APIC 2015 National Conference Roundup

By on 5:32 AM

Phenelle Segal, RN, CIC, president of Infection Control Consulting Services, attended the 2015 annual APIC conference held in Nashville, Tenn., from June 27-29.

The conference included many workshops, concurrent sessions, "meet the expert" sessions and a full day of pre-conference workshops. It was reported that roughly 4,600 professionals attended the conference.

One of the meeting highlights was a session attended by Ms. Segal featuring a presentation by Sharon Parrillo, BSN, RN, CIC, assistant director of infection prevention at the Robert Wood Johnson University Hospital in Somerset, N.J.. Ms. Parrillo spoke candidly about the frustration experienced by the infection prevention industry of mandatory reporting that has shifted infection preventionists from the bedside to the office, almost fulltime.

Ms. Parillo presented research data that showed she spent approximately "5 hours and 8 minutes a day to collect data and report it to the CDC's National Healthcare Safety Network (NHSN)," based on a five-day work week.

According to an APIC news release, infection preventionists at Robert Wood Johnson University Hospital Somerset calculated the amount of time necessary to review lab data and complete reports for bloodstream infections, urinary tract infections, surgical site infections, MRSA infections and Clostridium difficile infections to the NHSN. Infection preventionists at hospitals across the country are responsible for analyzing lab reports and reporting infection data to the NHSN database, which is used for Medicare payment determination by CMS.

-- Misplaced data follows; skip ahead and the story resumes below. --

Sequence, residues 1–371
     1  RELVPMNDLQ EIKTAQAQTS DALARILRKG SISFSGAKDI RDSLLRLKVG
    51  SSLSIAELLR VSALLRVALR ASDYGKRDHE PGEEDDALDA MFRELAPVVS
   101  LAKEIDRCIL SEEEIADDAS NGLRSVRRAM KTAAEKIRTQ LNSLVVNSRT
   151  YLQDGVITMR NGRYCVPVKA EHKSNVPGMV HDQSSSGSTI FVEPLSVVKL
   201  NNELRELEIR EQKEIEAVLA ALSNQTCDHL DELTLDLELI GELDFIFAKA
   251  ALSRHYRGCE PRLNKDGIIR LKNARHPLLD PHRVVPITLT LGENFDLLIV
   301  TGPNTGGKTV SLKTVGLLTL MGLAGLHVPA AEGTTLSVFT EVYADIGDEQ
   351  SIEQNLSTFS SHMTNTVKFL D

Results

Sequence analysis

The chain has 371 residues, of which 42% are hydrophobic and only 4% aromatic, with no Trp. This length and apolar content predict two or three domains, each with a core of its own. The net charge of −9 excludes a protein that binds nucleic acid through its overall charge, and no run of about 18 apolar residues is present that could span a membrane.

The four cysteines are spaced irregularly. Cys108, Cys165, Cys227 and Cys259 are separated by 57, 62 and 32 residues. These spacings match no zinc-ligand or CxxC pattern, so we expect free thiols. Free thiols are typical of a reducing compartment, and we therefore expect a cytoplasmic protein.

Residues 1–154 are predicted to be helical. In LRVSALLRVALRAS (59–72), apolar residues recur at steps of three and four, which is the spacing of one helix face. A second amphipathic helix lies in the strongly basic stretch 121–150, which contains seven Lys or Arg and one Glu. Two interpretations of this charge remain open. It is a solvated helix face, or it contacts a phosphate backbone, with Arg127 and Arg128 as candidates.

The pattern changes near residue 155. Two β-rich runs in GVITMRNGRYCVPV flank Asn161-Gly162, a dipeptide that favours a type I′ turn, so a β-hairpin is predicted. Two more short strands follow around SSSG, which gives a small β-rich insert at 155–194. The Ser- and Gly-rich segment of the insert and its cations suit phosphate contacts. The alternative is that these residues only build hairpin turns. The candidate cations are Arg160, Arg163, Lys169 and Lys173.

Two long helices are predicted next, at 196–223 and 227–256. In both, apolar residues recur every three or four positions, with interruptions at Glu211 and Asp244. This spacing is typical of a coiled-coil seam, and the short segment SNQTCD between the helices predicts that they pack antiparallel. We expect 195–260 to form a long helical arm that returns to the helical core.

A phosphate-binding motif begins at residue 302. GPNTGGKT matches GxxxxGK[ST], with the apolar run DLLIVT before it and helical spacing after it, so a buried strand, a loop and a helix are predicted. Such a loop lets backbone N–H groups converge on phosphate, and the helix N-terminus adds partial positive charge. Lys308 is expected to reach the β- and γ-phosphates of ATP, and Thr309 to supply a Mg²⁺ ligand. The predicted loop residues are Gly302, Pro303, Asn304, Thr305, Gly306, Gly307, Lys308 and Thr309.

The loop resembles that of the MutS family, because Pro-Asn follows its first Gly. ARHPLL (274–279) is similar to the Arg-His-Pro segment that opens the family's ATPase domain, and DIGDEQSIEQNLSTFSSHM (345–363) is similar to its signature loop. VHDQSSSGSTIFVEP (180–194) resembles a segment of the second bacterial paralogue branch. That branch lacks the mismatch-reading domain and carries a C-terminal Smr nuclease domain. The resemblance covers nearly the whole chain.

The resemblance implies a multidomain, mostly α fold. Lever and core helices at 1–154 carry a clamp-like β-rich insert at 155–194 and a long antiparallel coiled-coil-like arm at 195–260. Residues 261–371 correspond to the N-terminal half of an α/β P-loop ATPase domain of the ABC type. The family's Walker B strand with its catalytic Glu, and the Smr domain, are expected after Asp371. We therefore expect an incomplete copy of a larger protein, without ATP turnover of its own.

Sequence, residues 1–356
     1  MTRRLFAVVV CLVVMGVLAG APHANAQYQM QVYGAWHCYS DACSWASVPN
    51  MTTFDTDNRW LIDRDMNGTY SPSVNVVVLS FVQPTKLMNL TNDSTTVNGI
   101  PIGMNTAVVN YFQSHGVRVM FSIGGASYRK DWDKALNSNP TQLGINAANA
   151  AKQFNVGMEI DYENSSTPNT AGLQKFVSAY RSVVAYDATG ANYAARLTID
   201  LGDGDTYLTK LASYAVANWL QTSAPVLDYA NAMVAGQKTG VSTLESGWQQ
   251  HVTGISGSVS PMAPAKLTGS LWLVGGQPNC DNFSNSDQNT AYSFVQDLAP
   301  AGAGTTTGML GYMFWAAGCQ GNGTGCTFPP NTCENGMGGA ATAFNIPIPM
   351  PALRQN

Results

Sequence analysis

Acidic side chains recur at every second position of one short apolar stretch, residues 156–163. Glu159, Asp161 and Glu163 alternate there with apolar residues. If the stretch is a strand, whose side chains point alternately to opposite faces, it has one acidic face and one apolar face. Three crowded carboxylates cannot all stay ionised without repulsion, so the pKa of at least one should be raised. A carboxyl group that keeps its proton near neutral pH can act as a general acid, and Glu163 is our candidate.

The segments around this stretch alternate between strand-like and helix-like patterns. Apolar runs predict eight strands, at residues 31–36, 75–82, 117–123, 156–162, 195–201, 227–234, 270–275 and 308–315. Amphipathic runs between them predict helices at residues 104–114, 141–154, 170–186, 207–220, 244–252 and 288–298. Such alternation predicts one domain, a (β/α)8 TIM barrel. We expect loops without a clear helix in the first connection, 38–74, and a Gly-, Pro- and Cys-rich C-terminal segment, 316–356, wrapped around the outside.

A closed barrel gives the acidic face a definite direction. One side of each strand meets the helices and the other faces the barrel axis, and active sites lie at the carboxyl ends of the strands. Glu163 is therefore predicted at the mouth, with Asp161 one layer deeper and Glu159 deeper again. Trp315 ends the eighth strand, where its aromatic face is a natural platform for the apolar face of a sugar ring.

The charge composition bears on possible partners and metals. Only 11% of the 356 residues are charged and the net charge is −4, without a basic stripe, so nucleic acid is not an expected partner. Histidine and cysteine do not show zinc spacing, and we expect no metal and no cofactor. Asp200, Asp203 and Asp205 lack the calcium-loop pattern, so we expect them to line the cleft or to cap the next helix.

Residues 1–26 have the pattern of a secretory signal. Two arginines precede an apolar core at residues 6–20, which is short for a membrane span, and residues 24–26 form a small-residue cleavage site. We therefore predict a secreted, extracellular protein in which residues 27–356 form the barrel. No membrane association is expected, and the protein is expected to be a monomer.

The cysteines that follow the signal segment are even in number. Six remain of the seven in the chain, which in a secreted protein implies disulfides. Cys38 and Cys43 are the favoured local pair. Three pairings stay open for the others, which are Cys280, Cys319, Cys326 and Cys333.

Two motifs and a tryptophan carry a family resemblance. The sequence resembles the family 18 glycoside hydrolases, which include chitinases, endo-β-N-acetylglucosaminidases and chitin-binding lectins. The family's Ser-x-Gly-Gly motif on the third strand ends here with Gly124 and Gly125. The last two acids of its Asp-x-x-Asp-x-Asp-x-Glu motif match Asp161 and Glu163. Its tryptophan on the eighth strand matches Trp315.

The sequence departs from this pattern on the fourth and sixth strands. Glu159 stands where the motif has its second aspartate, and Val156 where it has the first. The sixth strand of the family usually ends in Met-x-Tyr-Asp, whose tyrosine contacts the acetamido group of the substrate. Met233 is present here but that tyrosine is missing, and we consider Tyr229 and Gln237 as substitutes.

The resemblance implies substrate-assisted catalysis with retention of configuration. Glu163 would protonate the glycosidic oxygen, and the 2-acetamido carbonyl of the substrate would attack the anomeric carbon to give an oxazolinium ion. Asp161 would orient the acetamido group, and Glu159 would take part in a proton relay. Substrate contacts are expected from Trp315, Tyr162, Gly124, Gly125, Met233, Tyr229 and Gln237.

"Healthcare-associated infection (HAI) reporting exposes problems, drives improvements, and allows for benchmarking against national targets," said Ms. Parrillo, according to the release. "But without adequate staffing, the burden of reporting takes time away from infection prevention activities that protect patients at the bedside. We are fortunate that we have two infection preventionists on staff at our hospital, but many community hospitals have only one staff person dedicated to infection control. This analysis didn’t even take into account the time necessary to perform state and local HAI reporting, which many facilities are also required to do.”

Ms. Segal provides many presentations throughout the year to various sectors of healthcare. She frequently cites the shift toward increased data reporting, over the course of the past decade in particular, which has impacted infection prevention rounds, monitoring and mentoring.

Infection preventionists including Ms. Parrillo and Ms. Segal stress the importance of data and accuracy of reporting, but the reporting of infections at the expense of preventing them is a very difficult situation for these professionals to accept.

Phenelle Segal, RN, CIC, FAPIC

Phenelle Segal, RN, CIC, FAPIC, is the founder and president of Infection Control Consulting Services LLC (ICCS). Phenelle has more than 30 years' experience providing customized comprehensive infection control and prevention services to healthcare facilities nationwide. Her services focus on assisting hospitals, ambulatory surgery centers, dental office and oral surgery practices, doctor's offices, nursing homes and other organizations with implementing and maintaining an infection control program that: complies with The Joint Commission, AAAHC, Centers for Medicaid and Medicare Services (CMS) and other regulatory agencies; respond to situations of noncompliance; and improve the processes for reducing risk.